NEW ORLEANS — It was a month ago that Pamela Foster got a phone call she desperately wanted to believe was a mistake.
“I didn’t know what to do, I don’t know how I made it home, I was screaming in the car and I just hoped that it wasn’t true," she said.
She was told her husband, Glenn Foster Jr., died in police custody in a rural Alabama jail.
"I wanted to drive right back. I wanted to see. I needed to see because I wanted it to be a mistake, that it wasn’t him. That it was someone else, that it was a mistake," she said with tears running down her face.
Police say Foster led them on a chase after they tried to pull him over for speeding. The chase ended after police laid down a spike strip, blowing out the car’s tires to bring it to a stop. Foster was then taken into custody.
He was then taken to the Pickens county jail run by Sheriff Todd Hall.
Foster died two days after his initial arrest.
The family says what happened over those two days is a mystery. Without any answers, they are all left feeling stuck.
“It’s hard to grieve," Pamela said. "It’s hard to explain that to your children when they’re asking you what happened to daddy and why would someone want to kill daddy. I don’t know. That’s all I can tell them, I don’t know”
Multiple attempts have been made to get the official cause of Foster’s death, but according to the Alabama Law Enforcement Agency’s State Bureau of Investigation, due to the case being under investigation, no information has been made available to the family, their legal team or WWL.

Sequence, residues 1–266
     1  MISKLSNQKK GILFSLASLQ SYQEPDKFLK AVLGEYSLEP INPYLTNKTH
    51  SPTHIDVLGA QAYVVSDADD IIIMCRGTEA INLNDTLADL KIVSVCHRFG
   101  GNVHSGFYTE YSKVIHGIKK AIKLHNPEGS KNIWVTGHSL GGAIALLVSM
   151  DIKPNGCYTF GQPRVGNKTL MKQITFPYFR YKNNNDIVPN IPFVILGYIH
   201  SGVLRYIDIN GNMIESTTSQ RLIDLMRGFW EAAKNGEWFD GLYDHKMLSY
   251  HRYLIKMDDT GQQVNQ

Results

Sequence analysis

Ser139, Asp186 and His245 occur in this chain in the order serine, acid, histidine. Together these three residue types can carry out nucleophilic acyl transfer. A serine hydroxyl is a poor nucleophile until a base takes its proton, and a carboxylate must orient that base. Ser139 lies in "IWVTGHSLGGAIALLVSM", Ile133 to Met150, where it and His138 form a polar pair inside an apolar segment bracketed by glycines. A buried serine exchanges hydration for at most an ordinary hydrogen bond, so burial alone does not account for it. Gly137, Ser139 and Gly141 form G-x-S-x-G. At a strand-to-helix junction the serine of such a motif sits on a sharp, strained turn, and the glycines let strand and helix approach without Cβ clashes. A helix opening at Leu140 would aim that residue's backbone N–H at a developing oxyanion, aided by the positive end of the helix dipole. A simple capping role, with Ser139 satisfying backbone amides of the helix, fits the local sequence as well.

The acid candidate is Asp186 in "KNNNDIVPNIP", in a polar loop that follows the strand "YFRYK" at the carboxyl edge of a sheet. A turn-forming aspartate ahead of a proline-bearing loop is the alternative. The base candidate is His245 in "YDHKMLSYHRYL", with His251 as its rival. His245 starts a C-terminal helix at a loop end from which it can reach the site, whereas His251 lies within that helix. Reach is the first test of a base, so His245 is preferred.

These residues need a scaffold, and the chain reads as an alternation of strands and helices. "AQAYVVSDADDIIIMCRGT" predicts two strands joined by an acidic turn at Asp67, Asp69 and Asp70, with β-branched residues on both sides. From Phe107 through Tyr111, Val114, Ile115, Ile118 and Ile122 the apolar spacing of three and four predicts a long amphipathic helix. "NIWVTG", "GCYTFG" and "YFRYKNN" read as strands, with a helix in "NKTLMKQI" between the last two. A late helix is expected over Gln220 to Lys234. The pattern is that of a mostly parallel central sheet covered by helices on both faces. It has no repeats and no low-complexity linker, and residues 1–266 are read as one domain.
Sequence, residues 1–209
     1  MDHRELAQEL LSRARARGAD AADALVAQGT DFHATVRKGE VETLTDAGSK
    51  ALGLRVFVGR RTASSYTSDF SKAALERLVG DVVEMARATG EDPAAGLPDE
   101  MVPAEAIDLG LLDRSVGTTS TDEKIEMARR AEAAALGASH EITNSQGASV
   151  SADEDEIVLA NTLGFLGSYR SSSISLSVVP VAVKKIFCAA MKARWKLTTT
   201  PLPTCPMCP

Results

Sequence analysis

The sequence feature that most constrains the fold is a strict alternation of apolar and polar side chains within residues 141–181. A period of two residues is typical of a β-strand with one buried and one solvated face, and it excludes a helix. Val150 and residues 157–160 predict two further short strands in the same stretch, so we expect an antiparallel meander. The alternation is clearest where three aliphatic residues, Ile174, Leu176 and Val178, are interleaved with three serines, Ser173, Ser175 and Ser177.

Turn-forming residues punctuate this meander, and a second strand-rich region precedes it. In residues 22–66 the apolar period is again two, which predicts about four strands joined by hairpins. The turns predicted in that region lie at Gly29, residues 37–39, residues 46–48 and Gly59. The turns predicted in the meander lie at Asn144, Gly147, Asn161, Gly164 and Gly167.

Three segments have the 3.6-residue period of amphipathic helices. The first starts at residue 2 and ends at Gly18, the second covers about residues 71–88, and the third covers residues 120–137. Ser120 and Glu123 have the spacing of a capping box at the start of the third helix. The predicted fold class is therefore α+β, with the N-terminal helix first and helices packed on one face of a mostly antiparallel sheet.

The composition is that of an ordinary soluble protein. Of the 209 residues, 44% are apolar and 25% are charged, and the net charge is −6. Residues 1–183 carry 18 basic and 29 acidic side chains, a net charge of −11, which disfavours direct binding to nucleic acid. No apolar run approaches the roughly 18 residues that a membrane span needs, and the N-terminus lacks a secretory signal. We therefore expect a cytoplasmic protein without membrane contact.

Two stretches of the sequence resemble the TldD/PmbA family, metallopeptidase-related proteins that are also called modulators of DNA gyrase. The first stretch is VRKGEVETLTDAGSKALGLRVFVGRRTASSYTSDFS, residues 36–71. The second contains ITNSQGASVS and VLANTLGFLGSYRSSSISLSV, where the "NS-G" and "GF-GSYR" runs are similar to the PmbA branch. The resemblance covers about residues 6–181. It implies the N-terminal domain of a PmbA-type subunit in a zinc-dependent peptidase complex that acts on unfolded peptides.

This ongoing delay is why the family says they hired their own medical team to do an independent autopsy. The results showing Glenn Jr. did not die from natural causes and there was evidence of neck compression and strangulation
"It answered what we were already suspecting, but it did not make me feel any better," Pamela said. "I was angry and I felt helpless because it’s one thing to die from natural causes but it’s another thing to be deprived of life.”
Pamela said this has been the worst month of her life. But if there has been one silver lining, it’s how the people of New Orleans have responded in her family’s time of need
"It gives me comfort. Makes me want to stay here," she said. "Sometimes things happen and it makes you want to run away, but I can feel the love from people that he knew.”
Waiting and grieving are about the only things Pamela has been able to do.
Until more information is made available, she doesn’t have many more options.